Review: “We want equality, and orgasms” (Anne Summers) All About Women at the Sydney Opera House

  • Naomi Gall
  • March 5, 2018
  • Comments Off on Review: “We want equality, and orgasms” (Anne Summers) All About Women at the Sydney Opera House

In its sixth year, All About Women celebrates International Women’s Day (March 8) with a line-up of inspiring and empowering discussions around the universal struggle for equality in a world still dominated by the white, privileged patriarchy.

While I could have easily gone to every talk on offer, it wold have been physically impossible given I don’t yet know how to be in two places at once, so I went along to two: Suffragettes to social media and Smashing the patriarchy.

I will premise this by saying that I am a proud and fairly vocal feminist, so you may view this as a ‘preaching to the converted’ situation. However, I did invite along a good friend of mine who does not consider herself a feminist, so for her, this was slightly out of her comfort zone.

Suffragettes to social media

Suffragettes to social media examined the different waves of feminism – from the first wave with the Suffragettes to the ‘me too’ movement which could arguably be seen as the beginning of the fourth wave of feminism. Chaired by Edwina Throsby, each member of the panel spoke to a specific wave, and in some cases their first hand experiences with it. Barbara Caine spoke on the Suffragettes and the beginning of women’s liberation which extended from 1790 until the advent of the First World War in 1914. Given their significant impact, it was interesting to learn that the Suffragettes were quite a small group and operated not unlike an army – if you disagreed with any of their ideas then you were kicked out. While they did successfully achieve the vote for women, it was a very exclusive movement, involving predominantly well-bred white women with property. The next challenge for women was how to make the movement inclusive.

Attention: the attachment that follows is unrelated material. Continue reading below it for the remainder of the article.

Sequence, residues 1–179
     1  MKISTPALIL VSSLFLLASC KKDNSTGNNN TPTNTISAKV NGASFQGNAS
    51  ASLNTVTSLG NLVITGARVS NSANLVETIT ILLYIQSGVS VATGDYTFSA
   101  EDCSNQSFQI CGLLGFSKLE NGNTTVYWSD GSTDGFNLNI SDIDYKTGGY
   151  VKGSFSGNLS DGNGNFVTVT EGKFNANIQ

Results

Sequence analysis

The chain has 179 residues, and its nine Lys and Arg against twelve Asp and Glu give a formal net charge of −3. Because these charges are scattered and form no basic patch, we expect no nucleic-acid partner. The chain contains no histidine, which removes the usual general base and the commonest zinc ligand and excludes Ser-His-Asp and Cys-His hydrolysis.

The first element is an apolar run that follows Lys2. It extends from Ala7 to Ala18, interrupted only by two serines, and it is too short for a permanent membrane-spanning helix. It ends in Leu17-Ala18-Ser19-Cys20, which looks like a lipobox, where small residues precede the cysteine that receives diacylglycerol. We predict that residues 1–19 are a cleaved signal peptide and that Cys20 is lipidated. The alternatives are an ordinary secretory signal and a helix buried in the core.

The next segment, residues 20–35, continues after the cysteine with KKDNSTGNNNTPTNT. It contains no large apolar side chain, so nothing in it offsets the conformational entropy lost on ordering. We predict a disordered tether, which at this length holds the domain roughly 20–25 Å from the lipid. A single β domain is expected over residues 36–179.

Anne Summers spoke about the second wave – which is potentially the most well-known – occurring during the 1960s and 70s. Much of this second iteration was made up of students and anti – Vietnam War protesters and in Australia it wasn’t referred to as feminism, it was Women’s Liberation. 1969 marked the first Women’s Liberation meeting in Australia, at a time when it was legal to pay women 25% less than men. According to Summers, “We didn’t know who we were or who we could become – we were the ‘other’”. This was the feminism of my Mother’s generation and I suddenly saw her life from a very different perspective. When she was my age women weren’t allowed in pubs, you had to get your husbands permission to get a passport, and there was still the expectation that a woman would give up her career when she married – ideas that today, seem absurd.

The 1990s heralded the third wave of feminism and, as Rebecca Walker explained, by this stage women felt disconnected from the movement. Women’s Liberation was getting a lot of bad press and this notion that feminists are all man – hating, hairy lesbians (no disrespect to lesbians, or body hair) was created – by men. This generation of young women realised that in order to stay relevant, feminism had to go beyond gender equality to encompass all human rights. The label wasn’t as important as demonstrating affirmative action. Women had a voice and they were becoming less and less afraid to use it.